March 10, 2010
by Ariel Adams
Back in January, while in Geneva, I got to happily molest the entire collection of MB&F watches. Those lovely Horological Machines were willing participants, and I fondled them with care and admiration. I think the biggest question I got to answer for myself was “are these watches wearable?” Well, in short, the answer is yes – mostly. I should begin with explaining what the point of MB&F watches are as I understand it.
MB&F expresses that their mission is neither to make traditional practical watches or men’s jewelry. Looking at their designs and listening to MB&F founder Max Busser (and his colleagues) and it is clear that these are luxury mechanical toys based on a lifetime’s appreciate of sci-fi and men’s fantasy pop culture. Spaceships, battles axes, robots, gadgets, and everything else in this mix are part of the timepieces’ inspiration. The “HM” part of the model names that stands for “horological machine,” that pretty much sums it up. These are machines that tell the time. They are worn as watches, and the real allure to them is the machine part of it. MB&F watches do some cool things, but are less about complex innovation in function, as they are about design innovations.
Take the newest HM2 model for example. The “SV” version that is. SV stands for sapphire vision. You can see a nice image of it in the flesh here. The entire front plate of the watch is made from an incredibly hard to make single piece of synthetic sapphire crystal. What is the point of it other than to show that MB&F suppliers are willing to engage in highly time consuming acts to please the brand (actually it was a pain for them to find a supplier for this)? It is all about being able to see the mechanical innards of the automatic mechanical watch. Being able to appreciate what goes into the design and execution of the machine. MB&F isn’t super concerned about traditional horological considerations such as rate results or things of that nature. Sure they want their pieces to tell the time reasonably well, but even good legibility isn’t what they are thinking about. It just occurred to me that MB&F watch designers are in some ways the exact opposite of the Seiko watch engineers. Both talented, but with really different goals.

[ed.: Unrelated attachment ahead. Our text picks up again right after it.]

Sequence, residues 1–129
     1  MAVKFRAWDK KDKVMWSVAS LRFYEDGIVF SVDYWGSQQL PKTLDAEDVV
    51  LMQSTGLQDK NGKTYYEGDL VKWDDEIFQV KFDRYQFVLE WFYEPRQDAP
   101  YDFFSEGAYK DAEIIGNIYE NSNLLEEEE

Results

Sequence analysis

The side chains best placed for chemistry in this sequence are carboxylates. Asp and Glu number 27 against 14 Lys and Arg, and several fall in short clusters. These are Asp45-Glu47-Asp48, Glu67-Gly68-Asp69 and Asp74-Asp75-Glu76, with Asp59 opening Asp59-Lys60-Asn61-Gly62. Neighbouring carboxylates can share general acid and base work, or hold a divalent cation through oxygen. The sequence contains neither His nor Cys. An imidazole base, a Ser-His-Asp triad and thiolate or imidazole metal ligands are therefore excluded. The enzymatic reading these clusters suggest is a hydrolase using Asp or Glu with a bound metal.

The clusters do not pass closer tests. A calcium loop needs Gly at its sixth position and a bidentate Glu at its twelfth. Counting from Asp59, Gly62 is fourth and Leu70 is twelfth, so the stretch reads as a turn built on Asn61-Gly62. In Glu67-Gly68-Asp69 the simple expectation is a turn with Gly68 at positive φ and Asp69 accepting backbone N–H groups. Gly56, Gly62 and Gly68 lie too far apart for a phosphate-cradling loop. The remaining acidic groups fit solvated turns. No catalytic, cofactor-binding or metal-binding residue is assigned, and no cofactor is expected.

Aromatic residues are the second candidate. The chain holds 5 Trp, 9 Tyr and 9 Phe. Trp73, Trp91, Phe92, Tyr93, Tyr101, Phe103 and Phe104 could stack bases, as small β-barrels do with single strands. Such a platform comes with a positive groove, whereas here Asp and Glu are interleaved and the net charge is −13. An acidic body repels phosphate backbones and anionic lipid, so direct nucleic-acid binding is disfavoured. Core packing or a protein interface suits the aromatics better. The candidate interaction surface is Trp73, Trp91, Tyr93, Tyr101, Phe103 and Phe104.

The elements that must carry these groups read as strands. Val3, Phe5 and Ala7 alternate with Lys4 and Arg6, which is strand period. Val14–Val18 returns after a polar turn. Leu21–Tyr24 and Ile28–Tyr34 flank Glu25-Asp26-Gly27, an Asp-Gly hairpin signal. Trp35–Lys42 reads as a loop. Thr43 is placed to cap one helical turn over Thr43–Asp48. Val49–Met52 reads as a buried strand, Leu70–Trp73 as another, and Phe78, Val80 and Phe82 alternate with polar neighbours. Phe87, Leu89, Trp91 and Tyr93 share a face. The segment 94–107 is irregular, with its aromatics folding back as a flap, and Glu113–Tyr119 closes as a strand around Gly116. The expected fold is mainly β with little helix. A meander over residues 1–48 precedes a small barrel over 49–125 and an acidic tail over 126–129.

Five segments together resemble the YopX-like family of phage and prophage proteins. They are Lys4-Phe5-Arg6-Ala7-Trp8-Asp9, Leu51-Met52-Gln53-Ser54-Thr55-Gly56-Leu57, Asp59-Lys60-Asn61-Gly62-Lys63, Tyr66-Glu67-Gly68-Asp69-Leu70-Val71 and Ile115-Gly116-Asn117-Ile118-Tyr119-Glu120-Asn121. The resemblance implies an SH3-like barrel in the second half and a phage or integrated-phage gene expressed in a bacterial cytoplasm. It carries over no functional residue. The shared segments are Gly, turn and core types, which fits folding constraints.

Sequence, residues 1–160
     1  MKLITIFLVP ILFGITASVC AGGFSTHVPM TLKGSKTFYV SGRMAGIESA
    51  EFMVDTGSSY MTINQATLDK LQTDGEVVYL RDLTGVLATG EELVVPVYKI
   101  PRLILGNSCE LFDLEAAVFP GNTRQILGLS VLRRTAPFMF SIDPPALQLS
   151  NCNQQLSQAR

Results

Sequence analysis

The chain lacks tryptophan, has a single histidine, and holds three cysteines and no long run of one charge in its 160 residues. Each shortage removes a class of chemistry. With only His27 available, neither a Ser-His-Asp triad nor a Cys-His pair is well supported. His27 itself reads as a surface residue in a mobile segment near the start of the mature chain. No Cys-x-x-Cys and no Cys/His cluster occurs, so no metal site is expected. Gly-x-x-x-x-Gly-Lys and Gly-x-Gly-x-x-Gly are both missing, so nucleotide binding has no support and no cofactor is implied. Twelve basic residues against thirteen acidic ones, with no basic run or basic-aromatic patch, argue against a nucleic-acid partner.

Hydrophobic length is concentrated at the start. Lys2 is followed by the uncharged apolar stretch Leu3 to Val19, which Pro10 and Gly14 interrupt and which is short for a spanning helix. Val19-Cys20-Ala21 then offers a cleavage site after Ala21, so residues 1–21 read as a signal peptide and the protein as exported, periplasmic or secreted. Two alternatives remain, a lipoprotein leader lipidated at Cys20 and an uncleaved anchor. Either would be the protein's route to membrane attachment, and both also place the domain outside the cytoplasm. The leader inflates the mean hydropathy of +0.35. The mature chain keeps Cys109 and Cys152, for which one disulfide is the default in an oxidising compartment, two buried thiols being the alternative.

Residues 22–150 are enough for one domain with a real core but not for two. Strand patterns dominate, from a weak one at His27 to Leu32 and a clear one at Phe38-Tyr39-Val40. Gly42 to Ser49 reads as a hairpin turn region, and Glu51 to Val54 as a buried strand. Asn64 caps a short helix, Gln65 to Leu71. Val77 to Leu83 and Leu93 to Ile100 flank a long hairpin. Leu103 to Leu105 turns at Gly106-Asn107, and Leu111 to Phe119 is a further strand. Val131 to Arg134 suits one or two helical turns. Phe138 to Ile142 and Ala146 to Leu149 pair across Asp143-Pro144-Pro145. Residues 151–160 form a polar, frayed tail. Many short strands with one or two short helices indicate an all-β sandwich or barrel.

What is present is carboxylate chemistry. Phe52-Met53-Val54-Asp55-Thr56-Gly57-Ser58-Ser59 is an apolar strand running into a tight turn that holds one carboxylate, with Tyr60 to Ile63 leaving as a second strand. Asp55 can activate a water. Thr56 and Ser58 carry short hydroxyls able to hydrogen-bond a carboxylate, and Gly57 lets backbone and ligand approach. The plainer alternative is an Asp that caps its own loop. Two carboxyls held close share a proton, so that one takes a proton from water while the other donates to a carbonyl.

MB&F wants to take all type of pop culture fixtures that men have good associations with (well, not just men), and make watches that embody that spirit in way not previously attainable. Grew up watching Star Wars and always wanted a droid all your own? MB&F takes that designer robotic look and is somehow able to get it on your wrist in a totally non-geeky way. When I wrote about the HM3 a while ago here for example, I showed you how the face of the watch resembles a mechanical face. Others see it as a spaceship. However you see it, the same genre applies.
Each of the MB&F watches have eyes on the dial – I have a feeling most ever new MB&F watch will have a “face” of the the face. Even with the original HM1, you can see a pair of googly eyes. The HM1 is still the most expensive MB&F watch. It is the only tourbillon of the trio, and it has some very expensive sapphire bridges. That design looked crazy when it was revealed a few years ago. Today it almost looks tame by comparison to the HM2 and HM3.
Of course the exception is the very tasteful HM2.2 Alain Silberstein watch. That highly limited edition piece (also seen here) is meant to look a bit like an old fashioned camera box gone “watch.” Alain Silberstein really was able to just do whatever he wanted with the piece, and I love the result. I understand that another special collaboration between MB&F and another design is on its way soon. This will involve the HM3 and will have some frog-like looks I am told.
In a short time I will get to check out the newest MB&F watch, the HM4. Rumors abound about its look, and MB&F is being predictably tight lipped about it. What I do know is that it will be quite spaceship inspired, again. It will be a well-hyped and much deserved high-profile piece. In fact the people behind MB&F are part of the horological “machine.” Max Busser himself basically travels all the time. Meeting with collectors and retailers, he is the face and steam behind the brand – along with those that travel with him. What impresses me is the passion he inserts into the designs and the personal communication of the brand. He preaches his work better and with more energy in one year than most do over an entire career. I really admire that. So while yes, there is a lot of “image” behind MB&F watches, it is an image that they deserved.
Going back to my initial question of whether the watches are wearable. Physically they are. Not really as giant on the wrist as you think they are. I tired to give you good illustrations of that fact by wearing the watches myself. And to be seen in them? Well the good news is if you had to wear a crazy avant garde luxury timepiece, and MB&F would probably cut it so well it should be at or near the top of your list. MB&F is really a modern phenomenon, and I am happy to keep sharing their progress with you. Now which of their watches could you (most) see yourself wearing?